- Homers. Lots and Lots of Homers: these are Earl Weaver stadiums, the perfect place to get a couple guys on base and wait for the 3 run homer. The Yankees hit 136 of the 237 homers (57%) hit in new Yankee Stadium in 2009, while the Phils hit 108 of the 207 (52%) at Citizens Bank Park. As much of a hitter’s parks as CBP is, the Phillies hit even more on the road (116)
- Baserunners: The Yanks have a home OBP of .368 and an OPS of .858. They’ve held their opponents to 40 less points of OBP, and 130 less in OPS. The phillies have a home edge as well, but it’s nowhere near as pronounced, nor their numbers quite as gaudy. These two teams combined for 1,252 walks this year, meaning nearly 8 per game in total… and that leads us to…
- Long games: The average Yankees / Angels game in the LCS was just shy of 4 hours, with no game being completed in under 3 hours. The Yankees stadium policies allow you to bring your own water in a factory sealed bottle only. I think you can pack a snack, and with the price of World Series tickets these days, you might need to. Phillies games were about a half an hour shorter on average, with 2 games just barely eclipsing the 3 hour mark.
Playoff baseball isn’t really about the stadium, the way a regular season game can be… it’s really about the game on the field, and the energy in the stands. I’ll be interested to see how Yankee Stadium III holds up as a World Series venue. My last playoff visit to New York was for Game 7 against the Red Sox in 2004, and that was unlike anything I’d ever experienced. I’m hoping that the new park can shake some of its sterility tonight with some playoff magic of its own.
If any of you are going, please leave a comment, and let us know how your World Series experience stacked up against previous visits.
Richmond, VA - The Diamond
The Diamond in Richmond, Virginia has a new tenant for 2010, after spending 2009 vacant with the loss of the Braves to Gwinnett, Georgia. The Eastern League has approved the relocation of the Connecticut Defenders to Richmond, a long-speculated rumor that came to fruition in late September.
Of Course, every new relocation usually comes with a “Name the Team” contest, and this one is a doozy. Originally, five potential names were announced: Rock Hoppers, Rhinos, Flatheads (it’s a fish), Flying Squirrels, and Hambones. Hope was held out that a wild-card 6th choice, provided by CNBC would bring some sanity to the process. No such luck, as Hush Puppies is the sixth choice.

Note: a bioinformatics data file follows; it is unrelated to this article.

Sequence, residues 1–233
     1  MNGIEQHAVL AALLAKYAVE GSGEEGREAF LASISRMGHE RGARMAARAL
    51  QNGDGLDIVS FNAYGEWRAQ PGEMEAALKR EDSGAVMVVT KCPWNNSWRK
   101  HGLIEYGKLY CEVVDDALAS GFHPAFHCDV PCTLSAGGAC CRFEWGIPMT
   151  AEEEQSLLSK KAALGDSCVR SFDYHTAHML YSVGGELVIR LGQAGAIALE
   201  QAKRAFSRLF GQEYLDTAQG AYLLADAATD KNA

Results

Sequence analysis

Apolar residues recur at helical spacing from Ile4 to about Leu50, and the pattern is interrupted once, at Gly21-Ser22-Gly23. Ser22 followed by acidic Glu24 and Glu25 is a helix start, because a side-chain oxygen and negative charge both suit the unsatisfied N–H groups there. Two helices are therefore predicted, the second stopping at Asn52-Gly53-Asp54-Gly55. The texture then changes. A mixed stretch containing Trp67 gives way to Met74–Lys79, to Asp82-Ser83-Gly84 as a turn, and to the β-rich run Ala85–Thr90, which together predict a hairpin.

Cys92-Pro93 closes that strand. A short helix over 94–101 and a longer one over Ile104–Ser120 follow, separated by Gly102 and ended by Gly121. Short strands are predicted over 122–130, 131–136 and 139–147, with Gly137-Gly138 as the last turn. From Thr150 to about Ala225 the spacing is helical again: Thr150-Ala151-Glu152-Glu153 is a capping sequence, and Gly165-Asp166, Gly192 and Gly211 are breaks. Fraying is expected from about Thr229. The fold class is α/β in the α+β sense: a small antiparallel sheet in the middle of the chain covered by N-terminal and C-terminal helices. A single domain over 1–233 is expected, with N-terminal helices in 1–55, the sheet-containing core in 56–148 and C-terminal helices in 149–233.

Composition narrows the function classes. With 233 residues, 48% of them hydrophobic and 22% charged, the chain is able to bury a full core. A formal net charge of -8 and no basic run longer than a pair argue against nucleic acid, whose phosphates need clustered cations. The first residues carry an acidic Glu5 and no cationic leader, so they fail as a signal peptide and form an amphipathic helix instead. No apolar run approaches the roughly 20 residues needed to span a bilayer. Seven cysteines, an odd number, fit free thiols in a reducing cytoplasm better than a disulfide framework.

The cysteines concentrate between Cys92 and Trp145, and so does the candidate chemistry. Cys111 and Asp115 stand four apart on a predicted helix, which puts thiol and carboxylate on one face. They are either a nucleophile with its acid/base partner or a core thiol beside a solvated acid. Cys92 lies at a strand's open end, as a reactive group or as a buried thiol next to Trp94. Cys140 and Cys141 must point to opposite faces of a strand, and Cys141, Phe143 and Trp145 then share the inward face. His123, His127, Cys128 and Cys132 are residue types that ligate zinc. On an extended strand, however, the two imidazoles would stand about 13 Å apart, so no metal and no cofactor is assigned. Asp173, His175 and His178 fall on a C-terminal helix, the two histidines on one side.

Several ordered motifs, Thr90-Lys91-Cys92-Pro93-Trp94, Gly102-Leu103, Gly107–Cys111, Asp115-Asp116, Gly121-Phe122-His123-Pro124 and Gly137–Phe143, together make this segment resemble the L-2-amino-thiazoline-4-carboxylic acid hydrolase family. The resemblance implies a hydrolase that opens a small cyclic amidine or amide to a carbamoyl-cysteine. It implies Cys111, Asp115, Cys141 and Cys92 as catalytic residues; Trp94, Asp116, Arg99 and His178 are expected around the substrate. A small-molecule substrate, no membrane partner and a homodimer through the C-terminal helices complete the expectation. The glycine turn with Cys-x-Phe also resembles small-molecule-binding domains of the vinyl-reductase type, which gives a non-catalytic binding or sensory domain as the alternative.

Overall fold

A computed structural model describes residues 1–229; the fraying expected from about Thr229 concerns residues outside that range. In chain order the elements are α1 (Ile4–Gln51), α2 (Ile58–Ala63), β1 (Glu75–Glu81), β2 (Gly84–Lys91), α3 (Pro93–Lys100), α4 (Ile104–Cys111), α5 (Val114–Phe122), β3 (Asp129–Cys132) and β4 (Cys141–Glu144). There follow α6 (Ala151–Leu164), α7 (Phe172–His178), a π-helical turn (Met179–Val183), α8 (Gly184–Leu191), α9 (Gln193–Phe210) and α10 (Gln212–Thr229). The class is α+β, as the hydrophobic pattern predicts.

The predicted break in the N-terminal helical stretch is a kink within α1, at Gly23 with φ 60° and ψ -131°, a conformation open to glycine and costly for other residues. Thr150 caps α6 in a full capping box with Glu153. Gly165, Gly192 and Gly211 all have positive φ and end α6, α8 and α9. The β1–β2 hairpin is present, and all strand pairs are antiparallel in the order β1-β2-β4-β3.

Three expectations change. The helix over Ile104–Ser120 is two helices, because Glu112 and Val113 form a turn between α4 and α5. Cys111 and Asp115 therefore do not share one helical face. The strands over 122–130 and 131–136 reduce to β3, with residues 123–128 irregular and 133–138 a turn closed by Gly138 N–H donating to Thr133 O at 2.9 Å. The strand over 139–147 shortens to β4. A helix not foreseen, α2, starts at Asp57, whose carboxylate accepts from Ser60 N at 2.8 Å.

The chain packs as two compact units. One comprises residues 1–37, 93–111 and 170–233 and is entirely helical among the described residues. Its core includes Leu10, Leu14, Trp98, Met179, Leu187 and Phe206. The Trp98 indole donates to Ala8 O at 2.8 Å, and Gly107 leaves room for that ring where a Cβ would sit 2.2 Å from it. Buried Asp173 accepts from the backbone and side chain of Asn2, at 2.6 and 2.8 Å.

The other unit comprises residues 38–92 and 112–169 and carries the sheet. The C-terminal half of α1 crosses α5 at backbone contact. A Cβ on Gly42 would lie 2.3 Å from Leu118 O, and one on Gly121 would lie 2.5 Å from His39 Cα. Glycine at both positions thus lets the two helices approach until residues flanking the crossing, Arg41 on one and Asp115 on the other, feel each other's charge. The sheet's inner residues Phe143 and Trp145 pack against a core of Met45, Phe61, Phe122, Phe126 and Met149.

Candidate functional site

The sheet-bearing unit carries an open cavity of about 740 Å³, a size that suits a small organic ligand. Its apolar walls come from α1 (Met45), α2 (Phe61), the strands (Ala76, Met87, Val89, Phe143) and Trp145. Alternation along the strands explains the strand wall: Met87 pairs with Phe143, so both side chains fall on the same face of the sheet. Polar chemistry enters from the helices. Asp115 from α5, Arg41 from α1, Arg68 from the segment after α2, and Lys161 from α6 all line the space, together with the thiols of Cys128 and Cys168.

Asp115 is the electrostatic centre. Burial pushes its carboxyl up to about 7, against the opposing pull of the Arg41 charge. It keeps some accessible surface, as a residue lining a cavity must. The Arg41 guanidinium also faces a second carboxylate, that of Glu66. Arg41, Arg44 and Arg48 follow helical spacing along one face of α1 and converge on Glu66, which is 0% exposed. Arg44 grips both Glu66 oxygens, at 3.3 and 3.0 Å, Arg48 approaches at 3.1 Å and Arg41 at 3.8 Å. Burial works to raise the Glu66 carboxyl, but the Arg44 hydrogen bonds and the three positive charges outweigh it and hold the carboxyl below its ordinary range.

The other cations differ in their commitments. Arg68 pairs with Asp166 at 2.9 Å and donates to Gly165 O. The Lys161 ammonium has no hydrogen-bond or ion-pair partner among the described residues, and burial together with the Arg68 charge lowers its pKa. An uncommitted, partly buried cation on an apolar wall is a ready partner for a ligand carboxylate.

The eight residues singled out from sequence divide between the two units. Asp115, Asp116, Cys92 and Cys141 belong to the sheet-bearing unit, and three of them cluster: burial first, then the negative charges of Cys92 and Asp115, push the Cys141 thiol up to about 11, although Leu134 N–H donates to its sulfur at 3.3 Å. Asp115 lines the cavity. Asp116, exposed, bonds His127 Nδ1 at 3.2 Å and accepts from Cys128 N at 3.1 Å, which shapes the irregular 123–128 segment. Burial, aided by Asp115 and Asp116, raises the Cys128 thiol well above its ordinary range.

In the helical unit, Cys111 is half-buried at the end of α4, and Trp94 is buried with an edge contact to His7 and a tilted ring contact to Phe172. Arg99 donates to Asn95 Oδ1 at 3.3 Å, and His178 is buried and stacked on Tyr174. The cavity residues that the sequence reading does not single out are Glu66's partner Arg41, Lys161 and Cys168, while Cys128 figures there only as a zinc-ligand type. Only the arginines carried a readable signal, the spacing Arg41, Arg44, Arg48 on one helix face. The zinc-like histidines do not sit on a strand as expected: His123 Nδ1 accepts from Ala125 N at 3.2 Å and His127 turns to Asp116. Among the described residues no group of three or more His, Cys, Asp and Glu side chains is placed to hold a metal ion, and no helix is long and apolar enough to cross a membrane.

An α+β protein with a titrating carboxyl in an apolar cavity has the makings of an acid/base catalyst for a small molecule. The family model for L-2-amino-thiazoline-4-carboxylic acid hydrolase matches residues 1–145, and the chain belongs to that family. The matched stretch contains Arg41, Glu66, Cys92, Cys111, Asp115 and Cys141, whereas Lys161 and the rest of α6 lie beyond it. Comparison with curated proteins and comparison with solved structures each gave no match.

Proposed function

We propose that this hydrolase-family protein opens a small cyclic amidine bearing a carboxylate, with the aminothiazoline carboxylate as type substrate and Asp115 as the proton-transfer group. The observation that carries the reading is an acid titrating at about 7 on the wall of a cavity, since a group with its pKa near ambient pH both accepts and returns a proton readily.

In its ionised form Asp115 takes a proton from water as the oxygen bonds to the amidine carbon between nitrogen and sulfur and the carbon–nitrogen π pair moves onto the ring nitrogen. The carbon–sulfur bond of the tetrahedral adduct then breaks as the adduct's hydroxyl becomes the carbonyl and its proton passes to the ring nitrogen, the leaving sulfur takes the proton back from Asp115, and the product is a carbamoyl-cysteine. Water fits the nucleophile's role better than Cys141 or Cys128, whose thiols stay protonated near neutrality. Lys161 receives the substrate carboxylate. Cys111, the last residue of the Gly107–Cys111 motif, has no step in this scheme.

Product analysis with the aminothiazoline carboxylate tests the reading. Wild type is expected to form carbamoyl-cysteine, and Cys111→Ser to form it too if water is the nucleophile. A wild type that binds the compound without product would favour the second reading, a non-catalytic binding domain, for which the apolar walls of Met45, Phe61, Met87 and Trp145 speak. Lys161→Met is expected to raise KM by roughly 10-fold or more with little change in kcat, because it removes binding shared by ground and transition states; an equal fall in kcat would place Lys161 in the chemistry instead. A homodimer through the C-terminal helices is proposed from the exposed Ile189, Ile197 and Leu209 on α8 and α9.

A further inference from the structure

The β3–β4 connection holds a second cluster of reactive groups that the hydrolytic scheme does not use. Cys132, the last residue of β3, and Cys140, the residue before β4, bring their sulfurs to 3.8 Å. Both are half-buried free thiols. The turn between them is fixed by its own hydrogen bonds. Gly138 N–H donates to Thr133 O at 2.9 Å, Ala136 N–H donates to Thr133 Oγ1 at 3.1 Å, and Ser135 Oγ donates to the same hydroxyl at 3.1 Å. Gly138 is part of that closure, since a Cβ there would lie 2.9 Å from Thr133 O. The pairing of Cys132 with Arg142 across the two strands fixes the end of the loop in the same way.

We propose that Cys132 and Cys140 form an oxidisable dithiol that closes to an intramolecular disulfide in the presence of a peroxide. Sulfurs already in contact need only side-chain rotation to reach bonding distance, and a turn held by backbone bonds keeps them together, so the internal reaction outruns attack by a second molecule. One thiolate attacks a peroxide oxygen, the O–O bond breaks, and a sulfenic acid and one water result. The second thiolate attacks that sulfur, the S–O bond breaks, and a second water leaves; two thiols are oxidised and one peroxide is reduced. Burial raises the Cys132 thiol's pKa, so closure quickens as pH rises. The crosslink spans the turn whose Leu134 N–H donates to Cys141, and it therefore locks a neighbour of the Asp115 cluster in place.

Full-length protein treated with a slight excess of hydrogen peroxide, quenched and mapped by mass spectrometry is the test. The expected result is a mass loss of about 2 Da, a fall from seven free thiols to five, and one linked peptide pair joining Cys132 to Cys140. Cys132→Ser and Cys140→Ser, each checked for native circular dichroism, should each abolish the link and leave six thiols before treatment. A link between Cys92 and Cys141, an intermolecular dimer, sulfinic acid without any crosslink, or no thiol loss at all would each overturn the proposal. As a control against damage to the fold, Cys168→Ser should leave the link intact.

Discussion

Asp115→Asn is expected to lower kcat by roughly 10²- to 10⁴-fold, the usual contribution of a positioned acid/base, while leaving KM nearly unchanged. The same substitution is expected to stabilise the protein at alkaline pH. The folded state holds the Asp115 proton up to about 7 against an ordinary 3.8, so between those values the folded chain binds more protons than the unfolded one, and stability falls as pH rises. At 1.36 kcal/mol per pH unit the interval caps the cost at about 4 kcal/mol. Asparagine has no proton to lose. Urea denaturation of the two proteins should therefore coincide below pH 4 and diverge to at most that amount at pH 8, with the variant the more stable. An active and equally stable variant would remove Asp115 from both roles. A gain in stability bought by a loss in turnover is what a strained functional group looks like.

Richmond immediately becomes one of the largest markets in the AA Eastern League, and there was significant competition amongst a number of Eastern League teams, including Harrisburg and Binghamton wanting to relocate.
The Defenders were last in the league with 203,005 in total attendance, less than half the annual turnstile clicks as league leaders Reading, PA and Portland, ME. This, despite the fact that the Giants franchise produced a team high 85 wins, and featured the top two pitching prospects in the system with Madison Bumgarner (9-1 1.93 ERA) and Tim Alderson (9-2 3.88 ERA).
The Defenders, and Norwich Navigators before them, spent 15 years in Dodd Stadium. The outgoing owners say they remain committed to seeing organized ball return to Norwich, but for now, there are no suitors.
If the Twins survive their one game playoff tomorrow, it will almost be anticlimactic for the Hubert H Humphrey Metrodome. Over the next 48 hours, the sports world’s attention will be keenly focused on Minnesota, in a way that even the World Series cannot duplicate.
Tonight, as the entire Midwest holds its collective breath, Brett Favre and the Minnesota Vikings take on the Green Bay Packers on Monday Night Football. this quirk of scheduling fortune brought about the need to move the play-in game between the Twins & Tigers to Tuesday.
If the Tigers win, this will be the last major league game in the HHH Dome, and outside of a mirtacuous Twins romp through the Yankees, Red Sox, Angels and the World Series, I can’t think of a better way to close it out.
When the doors do finally close on the Homerdome, and the official countdown clock towards the bran new Target Field begins, one way or another, we’re going to miss the “old girl”.. Hefty Bag and all.
Welcome to a new feature for Tickettothegame.com. We’re going to go around the major leagues – one ballpark at a time – and I’m asking what I believe to be the four key questions that determine how to have a great experience at any ballgame. I’m asking for you, the readers, to provide feedback, either in the comments here, or on the facebook page.
1) Where should I sit? Regulars always know the best places to sit, and the worst. What sections do you target? Is the 3rd base line preferable to the 1st base line? Is there a specific section that’s half the price of the seats just in front, making it a great value? Is the bleacher experience not to be missed? Are there hidden ticket deals to be had?
2) What makes this park unique and special? Whether it’s the Western Metals Supply Building in San Diego, or Monument Park in Yankee Stadium, each ballpark has a “treasure” What’s not to be missed?